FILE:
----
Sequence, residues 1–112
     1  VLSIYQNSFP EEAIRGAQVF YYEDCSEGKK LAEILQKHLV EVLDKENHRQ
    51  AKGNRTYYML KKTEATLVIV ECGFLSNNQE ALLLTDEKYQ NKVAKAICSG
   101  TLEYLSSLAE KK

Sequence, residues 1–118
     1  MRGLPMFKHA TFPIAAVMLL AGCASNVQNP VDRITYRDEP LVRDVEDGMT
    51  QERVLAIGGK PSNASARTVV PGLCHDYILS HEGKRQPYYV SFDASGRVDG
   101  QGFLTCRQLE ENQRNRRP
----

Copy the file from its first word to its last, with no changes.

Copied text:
Sequence, residues 1–112
     1  VLSIYQNSFP EEAIRGAQVF YYEDCSEGKK LAEILQKHLV EVLDKENHRQ
    51  AKGNRTYYML KKTEATLVIV ECGFLSNNQE ALLLTDEKYQ NKVAKAICSG
   101  TLEYLSSLAE KK

Sequence, residues 1–118
     1  MRGLPMFKHA TFPIAAVMLL AGCASNVQNP VDRITYRDEP LVRDVEDGMT
    51  QERVLAIGGK PSNASARTVV PGLCHDYILS HEGKRQPYYV SFDASGRVDG
   101  QGFLTCRQLE ENQRNRRP